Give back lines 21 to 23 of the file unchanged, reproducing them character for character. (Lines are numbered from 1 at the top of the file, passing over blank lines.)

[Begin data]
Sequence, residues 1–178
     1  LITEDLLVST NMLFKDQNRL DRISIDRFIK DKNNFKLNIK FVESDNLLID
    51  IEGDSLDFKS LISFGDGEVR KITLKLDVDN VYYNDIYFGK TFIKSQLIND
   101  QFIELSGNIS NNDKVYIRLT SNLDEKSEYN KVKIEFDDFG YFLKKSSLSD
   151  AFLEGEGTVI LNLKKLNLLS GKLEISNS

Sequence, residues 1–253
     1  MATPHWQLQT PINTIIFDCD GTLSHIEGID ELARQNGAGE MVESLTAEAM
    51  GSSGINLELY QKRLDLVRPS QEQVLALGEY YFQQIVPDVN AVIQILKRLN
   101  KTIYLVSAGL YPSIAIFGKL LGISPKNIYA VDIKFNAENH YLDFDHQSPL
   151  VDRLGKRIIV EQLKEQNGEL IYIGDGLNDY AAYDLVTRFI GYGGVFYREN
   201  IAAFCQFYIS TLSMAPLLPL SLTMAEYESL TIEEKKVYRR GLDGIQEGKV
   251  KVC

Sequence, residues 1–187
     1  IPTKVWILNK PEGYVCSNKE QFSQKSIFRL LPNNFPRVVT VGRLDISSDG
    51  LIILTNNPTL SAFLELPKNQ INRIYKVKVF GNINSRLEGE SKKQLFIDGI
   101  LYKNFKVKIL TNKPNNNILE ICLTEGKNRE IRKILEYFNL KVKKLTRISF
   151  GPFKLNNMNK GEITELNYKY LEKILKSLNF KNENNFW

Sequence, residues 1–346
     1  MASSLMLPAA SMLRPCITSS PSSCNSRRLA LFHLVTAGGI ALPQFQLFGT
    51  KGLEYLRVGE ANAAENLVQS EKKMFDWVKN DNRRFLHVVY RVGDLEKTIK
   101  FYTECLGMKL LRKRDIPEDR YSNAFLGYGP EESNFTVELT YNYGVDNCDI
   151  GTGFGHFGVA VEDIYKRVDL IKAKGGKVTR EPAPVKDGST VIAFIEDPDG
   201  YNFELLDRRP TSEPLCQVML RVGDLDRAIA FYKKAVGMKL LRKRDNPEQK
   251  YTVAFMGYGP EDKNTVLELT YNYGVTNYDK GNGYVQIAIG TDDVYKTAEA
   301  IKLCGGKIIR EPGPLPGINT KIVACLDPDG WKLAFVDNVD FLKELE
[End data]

   101  FYTECLGMKL LRKRDIPEDR YSNAFLGYGP EESNFTVELT YNYGVDNCDI
   151  GTGFGHFGVA VEDIYKRVDL IKAKGGKVTR EPAPVKDGST VIAFIEDPDG
   201  YNFELLDRRP TSEPLCQVML RVGDLDRAIA FYKKAVGMKL LRKRDNPEQK